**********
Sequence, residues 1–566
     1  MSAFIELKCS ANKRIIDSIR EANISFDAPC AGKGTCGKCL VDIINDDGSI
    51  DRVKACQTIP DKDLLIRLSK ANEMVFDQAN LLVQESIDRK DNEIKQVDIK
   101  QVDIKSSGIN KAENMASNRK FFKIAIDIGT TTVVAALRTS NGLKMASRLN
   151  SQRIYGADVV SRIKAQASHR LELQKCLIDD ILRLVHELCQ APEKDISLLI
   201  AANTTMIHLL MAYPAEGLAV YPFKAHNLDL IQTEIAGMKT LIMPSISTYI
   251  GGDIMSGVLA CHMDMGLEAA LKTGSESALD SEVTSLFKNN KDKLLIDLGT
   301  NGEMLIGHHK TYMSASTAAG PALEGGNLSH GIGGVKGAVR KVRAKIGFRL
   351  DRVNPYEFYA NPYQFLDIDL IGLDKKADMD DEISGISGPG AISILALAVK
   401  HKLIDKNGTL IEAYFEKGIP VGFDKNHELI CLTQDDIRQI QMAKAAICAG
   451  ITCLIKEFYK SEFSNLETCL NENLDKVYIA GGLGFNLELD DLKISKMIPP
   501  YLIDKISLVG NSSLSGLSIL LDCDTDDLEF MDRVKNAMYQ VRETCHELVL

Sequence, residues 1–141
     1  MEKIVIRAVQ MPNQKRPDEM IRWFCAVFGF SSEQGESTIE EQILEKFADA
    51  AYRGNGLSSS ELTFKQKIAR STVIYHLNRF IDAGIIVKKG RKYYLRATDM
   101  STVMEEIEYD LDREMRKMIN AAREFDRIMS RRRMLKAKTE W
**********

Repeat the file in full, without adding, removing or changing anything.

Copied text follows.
Sequence, residues 1–566
     1  MSAFIELKCS ANKRIIDSIR EANISFDAPC AGKGTCGKCL VDIINDDGSI
    51  DRVKACQTIP DKDLLIRLSK ANEMVFDQAN LLVQESIDRK DNEIKQVDIK
   101  QVDIKSSGIN KAENMASNRK FFKIAIDIGT TTVVAALRTS NGLKMASRLN
   151  SQRIYGADVV SRIKAQASHR LELQKCLIDD ILRLVHELCQ APEKDISLLI
   201  AANTTMIHLL MAYPAEGLAV YPFKAHNLDL IQTEIAGMKT LIMPSISTYI
   251  GGDIMSGVLA CHMDMGLEAA LKTGSESALD SEVTSLFKNN KDKLLIDLGT
   301  NGEMLIGHHK TYMSASTAAG PALEGGNLSH GIGGVKGAVR KVRAKIGFRL
   351  DRVNPYEFYA NPYQFLDIDL IGLDKKADMD DEISGISGPG AISILALAVK
   401  HKLIDKNGTL IEAYFEKGIP VGFDKNHELI CLTQDDIRQI QMAKAAICAG
   451  ITCLIKEFYK SEFSNLETCL NENLDKVYIA GGLGFNLELD DLKISKMIPP
   501  YLIDKISLVG NSSLSGLSIL LDCDTDDLEF MDRVKNAMYQ VRETCHELVL

Sequence, residues 1–141
     1  MEKIVIRAVQ MPNQKRPDEM IRWFCAVFGF SSEQGESTIE EQILEKFADA
    51  AYRGNGLSSS ELTFKQKIAR STVIYHLNRF IDAGIIVKKG RKYYLRATDM
   101  STVMEEIEYD LDREMRKMIN AAREFDRIMS RRRMLKAKTE W